Fear tells me that I need to write something that will fit into neat little boxes. Fear compares me with other writers who might be doing better than I am, and tells me I’m not worthy. Fear keeps me up late at night as I debate what is best for me to write.
Of course, thousands of years of evolution can’t be wrong. Fear isn’t always a bad thing. Fear also keeps me at a day job to pay bills, and tracks my word count to ensure measurable progress. Fear makes sure I back up my computer and copyright my blog.
But it is fear that sends me into that sinkhole of self-doubt, where I contemplate obscurity, where I question why I even try.
Love is when I forget to watch the clock, and work until I’m exhausted but happy and satisfied with my accomplishments. Love is when passion grabs me by the hands and drags me into my story, and when it doesn’t matter what anyone thinks. Love knows I’m doing what I’m meant for, and that there is no other path but this one.
After all it was love that started me down this path. When I first began to write stories, before I even knew where the word counter was, I wrote for the love of it. I need to have faith that love will finish what it started.
Laundry basket image courtesy of Kitch Bain, coffee stains courtesy of Mark Carrel, hearts image courtesy of Brenda Carson all @ Stockfresh
Welcome to this month’s Insecure Writer’s Support Group post, which you’ll notice is the only post on this blog since last month’s Insecure Writer’s Support Group post. I know. I need to post more. If it weren’t for the IWSG, my blog would probably fade away into oblivion!
But fortunately for this blog the insecure writers meet on the first Wednesday of every month, and fortunately for the IWSG, I am almost always insecure. So thank you, Alex J. Cavanaugh, for giving insecure writers like me a place to share our doubts and concerns without fear of appearing foolish or weak. Want to join the IWSG? Just click this linky and hop on over to meet some of the nicest writers on the worldwide web.
Today I’d like to talk about the results of last month’s experiment in literary abandon, a little adventure called NaNoWriMo.
First I give you: Exhibit A
It appears that I won, doesn’t it? Look at that word count! And I’m consistent too, writing thousands of words every day like it’s nothing. In fact, I wrote ten thousand extra words to cover myself as a winner, just in case some of my writing is so awful that it falls outside the parameters of literary abandon. You’d think I’d be exploding with confidence.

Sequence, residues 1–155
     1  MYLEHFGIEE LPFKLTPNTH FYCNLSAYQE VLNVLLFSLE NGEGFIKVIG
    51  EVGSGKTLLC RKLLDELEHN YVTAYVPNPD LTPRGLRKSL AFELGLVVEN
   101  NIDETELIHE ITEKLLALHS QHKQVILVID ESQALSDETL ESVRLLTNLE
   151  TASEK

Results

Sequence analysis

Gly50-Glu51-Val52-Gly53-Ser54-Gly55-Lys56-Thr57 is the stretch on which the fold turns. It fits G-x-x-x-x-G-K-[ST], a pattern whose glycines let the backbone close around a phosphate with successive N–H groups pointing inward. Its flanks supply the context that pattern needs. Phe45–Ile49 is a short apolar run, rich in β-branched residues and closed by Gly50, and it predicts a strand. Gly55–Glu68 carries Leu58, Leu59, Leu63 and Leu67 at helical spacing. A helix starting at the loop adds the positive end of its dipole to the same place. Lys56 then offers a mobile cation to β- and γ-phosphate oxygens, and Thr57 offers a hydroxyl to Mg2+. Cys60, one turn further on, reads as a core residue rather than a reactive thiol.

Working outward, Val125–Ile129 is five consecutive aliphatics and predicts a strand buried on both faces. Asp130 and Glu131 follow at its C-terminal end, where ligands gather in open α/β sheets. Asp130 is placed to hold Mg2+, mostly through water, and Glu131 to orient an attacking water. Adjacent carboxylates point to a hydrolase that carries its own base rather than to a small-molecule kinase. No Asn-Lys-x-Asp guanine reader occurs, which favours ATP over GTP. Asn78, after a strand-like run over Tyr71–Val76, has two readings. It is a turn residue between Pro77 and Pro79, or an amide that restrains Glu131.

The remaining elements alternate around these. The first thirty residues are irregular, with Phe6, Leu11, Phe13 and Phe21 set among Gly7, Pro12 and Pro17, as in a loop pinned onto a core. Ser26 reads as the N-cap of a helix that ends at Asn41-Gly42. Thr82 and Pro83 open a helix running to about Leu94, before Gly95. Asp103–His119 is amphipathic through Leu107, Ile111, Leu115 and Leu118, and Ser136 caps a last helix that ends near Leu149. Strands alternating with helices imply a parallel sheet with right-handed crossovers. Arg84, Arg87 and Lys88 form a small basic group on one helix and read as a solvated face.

But I’ll tell you a secret. I didn’t really write a novel.
Witnesseth: Exhibit B
As may be apparent from the list, I dutifully wrote the first scenes of my novel for the first ten thousand words, but then, because there’s nothing like deciding to write a new novel to make me want to revise the old one, I revised my other story and counted those words toward my word total.
Then revision ended up being really hard and the words didn’t pile up quickly enough, so I ended up goofing off. What kind of goofing off?
May I present: Exhibit C
My Muse drove a mustard yellow pick up truck through the middle of my novel.
Word count: 2718 words
I consulted with an imaginary literary agent about what my novel needed to make it work and why I was having so much trouble figuring that out. I spontaneously stopped punctuating dialogue and left it that way because I thought it would be cool.
Word count: 11,683 words
Then my protagonist from Ye Olde Novel showed up with a switch blade and dared me to start cutting up his story.
Word count: 3092 words
After that my Muse came back and took me for a ride on his new orrery.
Word count: 1390 words
In between all this, I did manage to make significant progress on my revision, but why do I persist in zigzagging back and forth between stories like this? Why can’t I at least stick with one project for a month? Why can’t I write in a straight line like everyone else?
Don’t get me wrong. I had a blast writing during NaNoWriMo. There were times I would sit down in front of my computer bursting with words, and lose track of time while I wrote them. I was laughing at my Muse’s antics, gasping at the revelations I came up with in my revision, daydreaming about scenes for the new story draft. But through all of these words I got nothing finished.
Everything I wrote needs work. It’s too weird. Or it’s too long. Or it’s poorly punctuated.
Which is why I have to ask myself why I feel compelled to write things that defy any sort of publication. Have I lost the ability and desire to write stuff that might appeal to readers? Or have I simply lost my nerve? If this blog is my playground, why am I afraid to come out and play? Is this merely the painful adolescence of my development as a writer?
Will I grow out of this awkward stage and into a real writer? Or am I doomed to write weird stuff that doesn’t fit into any of the proper boxes?
I don’t know. All I know is that I don’t want to stop!
How about you? Do you work in a straight line? Or does your creativity take the scenic route like mine?
Orrery image courtesy of Sage Ross @ Wikimedia Commons
I know you’re staring at your screen thinking, “What’s with all the acronyms? She’s really lost it now. Things haven’t been the same at A Scenic Route since the A to Z challenge.”
I’ll start with the IWSG, short for the Insecure Writer’s Support Group. We’re a bunch of writers, three hundred and counting, who meet on the first Wednesday of every month to discuss our fears and doubts without worries about appearing foolish or weak. Want to join us? Click the linky to be whisked to founder Alex J. Cavanaugh’s site, where you can add your name to some of the nicest writers you’ll ever meet on the worldwide web.
Now about this NaNoWriMo thing. You might have heard of it: Fifty thousand words, one month, lots of coffee? So why would an insecure writer like me undertake such a monumental challenge, not just once but every single year?
I’ll tell you why.